What do PMS, low sex drive, trouble sleeping, and mood swings all have in common?  They all tend to happen when estrogen starts getting out of hand.

Estrogen is a bit like that sexy, bubbly friend who is a great time at parties until she has one too many to drink. Before you know it, she goes from charming and fun to obnoxious and overbearing. Without someone more sensible to put her in a cab and get her home, she causes trouble for herself and anyone else who happens to cross her path.

Progesterone is that sensible friend. She remains calm when everyone else is going crazy, and as long as she’s around she helps estrogen to be her best self too.

I could go on with this analogy, talking about how estrogen sometimes falls in with the wrong crowd (xenoestrogens) or progesterone tends to retreat when bullied (by cortisol) but I’ll stop there. 😆

If you want to maintain a healthy balance between estrogen and progesterone, you have to keep estrogen from getting out of control AND make sure progesterone has the support it needs to do its job too.

First let’s talk about some of the ways you can keep estrogen under control:

1) Avoid xenoestrogens in you personal care products, makeup, and cleaning products. Xenoestrogens are chemicals that mimic estrogen and disrupt the endocrine system. Remember that the skin is our largest organ, so it’s easy for them to enter by way of things like shower gel, body lotion, perfume, and laundry detergent residue.

Some of the big ones to watch out for include:

  • 4-Methylbenzylidene camphor (4-MBC) (sunscreen lotions)
  • Parabens (methylparaben, ethylparaben, propylparaben and butylparaben commonly used as a preservative)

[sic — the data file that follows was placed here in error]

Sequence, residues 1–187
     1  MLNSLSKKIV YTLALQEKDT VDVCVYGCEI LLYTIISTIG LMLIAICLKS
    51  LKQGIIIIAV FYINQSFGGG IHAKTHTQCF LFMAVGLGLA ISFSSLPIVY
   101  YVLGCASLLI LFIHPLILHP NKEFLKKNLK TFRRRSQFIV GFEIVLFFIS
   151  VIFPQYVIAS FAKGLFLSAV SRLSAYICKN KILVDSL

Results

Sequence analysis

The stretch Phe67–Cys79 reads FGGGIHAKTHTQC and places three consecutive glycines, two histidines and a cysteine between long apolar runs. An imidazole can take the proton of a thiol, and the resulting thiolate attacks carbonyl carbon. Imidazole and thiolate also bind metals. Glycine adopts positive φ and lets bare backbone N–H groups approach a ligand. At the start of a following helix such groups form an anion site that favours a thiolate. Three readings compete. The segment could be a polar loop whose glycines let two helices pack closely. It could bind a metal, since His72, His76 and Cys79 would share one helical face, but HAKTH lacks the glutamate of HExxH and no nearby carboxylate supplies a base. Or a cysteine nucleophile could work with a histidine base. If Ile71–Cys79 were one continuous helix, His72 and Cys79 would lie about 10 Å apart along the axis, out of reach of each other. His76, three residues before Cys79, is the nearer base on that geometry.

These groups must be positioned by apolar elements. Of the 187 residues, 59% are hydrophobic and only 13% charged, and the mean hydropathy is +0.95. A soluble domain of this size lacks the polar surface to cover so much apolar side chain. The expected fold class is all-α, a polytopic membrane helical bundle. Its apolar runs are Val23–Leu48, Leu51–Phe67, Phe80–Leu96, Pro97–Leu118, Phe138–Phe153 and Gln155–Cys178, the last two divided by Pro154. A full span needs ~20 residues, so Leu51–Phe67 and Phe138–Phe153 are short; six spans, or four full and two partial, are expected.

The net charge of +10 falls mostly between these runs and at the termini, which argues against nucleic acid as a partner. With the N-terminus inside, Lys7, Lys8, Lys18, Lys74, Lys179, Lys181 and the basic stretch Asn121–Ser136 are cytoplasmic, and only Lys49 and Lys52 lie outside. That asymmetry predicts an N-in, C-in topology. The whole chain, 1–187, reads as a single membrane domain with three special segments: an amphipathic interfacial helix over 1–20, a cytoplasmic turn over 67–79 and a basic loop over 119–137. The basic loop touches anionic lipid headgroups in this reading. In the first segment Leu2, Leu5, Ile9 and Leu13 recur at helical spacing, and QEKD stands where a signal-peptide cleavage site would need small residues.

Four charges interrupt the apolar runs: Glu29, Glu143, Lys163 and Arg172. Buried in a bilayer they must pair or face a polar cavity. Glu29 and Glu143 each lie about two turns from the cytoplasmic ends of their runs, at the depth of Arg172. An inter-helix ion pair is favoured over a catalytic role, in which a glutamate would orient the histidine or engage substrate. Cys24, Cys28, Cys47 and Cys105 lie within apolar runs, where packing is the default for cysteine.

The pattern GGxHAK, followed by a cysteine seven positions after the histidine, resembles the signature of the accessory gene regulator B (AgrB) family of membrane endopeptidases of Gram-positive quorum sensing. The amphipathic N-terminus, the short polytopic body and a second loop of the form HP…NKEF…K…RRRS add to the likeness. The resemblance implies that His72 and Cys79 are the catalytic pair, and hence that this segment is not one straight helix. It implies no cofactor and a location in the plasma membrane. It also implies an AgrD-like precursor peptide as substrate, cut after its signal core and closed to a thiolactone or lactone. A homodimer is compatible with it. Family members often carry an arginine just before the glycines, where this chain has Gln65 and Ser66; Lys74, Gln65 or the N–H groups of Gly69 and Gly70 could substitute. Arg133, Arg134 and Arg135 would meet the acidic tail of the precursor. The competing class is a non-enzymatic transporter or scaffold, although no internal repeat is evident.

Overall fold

• Benzophenone (sunscreen lotions)
  • Phthalates (anything that lists parfum as an ingredient)
  • Triclosan (some toothpastes)

2) Avoid xenoestrogens in your food. The biggest source of xenoestrogens are in nonorganic meat and animal products because you get the double whammy of the pesticides that are sprayed on their food and the antibiotics used to treat them. Whenever possible choose organic, free-range meat, eggs, and dairy and organic produce too.

Some other xenoestrogens to be on the lookout for on food labels include:

  • Erythrosine / FD&C Red No. 3
  • Phenosulfothiazine (a red dye)
  • Butylated hydroxyanisole / BHA (food preservative)

3) Avoid xenoestrogens in water. Yep. Water. If you’re not filtering your water or drinking regularly out of plastic water bottles, chances are you’re also getting a big old dose of xenoestrogens as well. Choose glass over plastic and invest in a triple-stage filter: a sediment filter, a ceramic filter, and an activated charcoal filter. If that’s too much, even a simple Brita filter can make a difference.

4) Drink plenty of (filtered 😅) water and eat lots of fiber. When we’re not having regular eliminations (read: pooping first thing every morning) excess estrogen sticks around and gets reabsorbed through the large intestine. Eating a diet that includes lots of roughage, especially cruciferous vegetables like broccoli and cauliflower and staying hydrated with at least two liters of water a day is key to keep things running smoothly.

5) Exercise. Getting physical helps the body detoxify by releasing excess estrogen through sweat. It also helps to lower stress, reduce fat, and improve sleep which all have a huge effect on estrogen/progesterone balance. Make sure to include a mix of strength training, cardio, and more restorative practices like yoga and tai chi for best results.

Okay, I’ll stop there! As I said at the beginning of this post, getting estrogen under control is only half the battle. You also need to do what you can to protect progesterone and ensure regular ovulation. I’ll save that for the next one!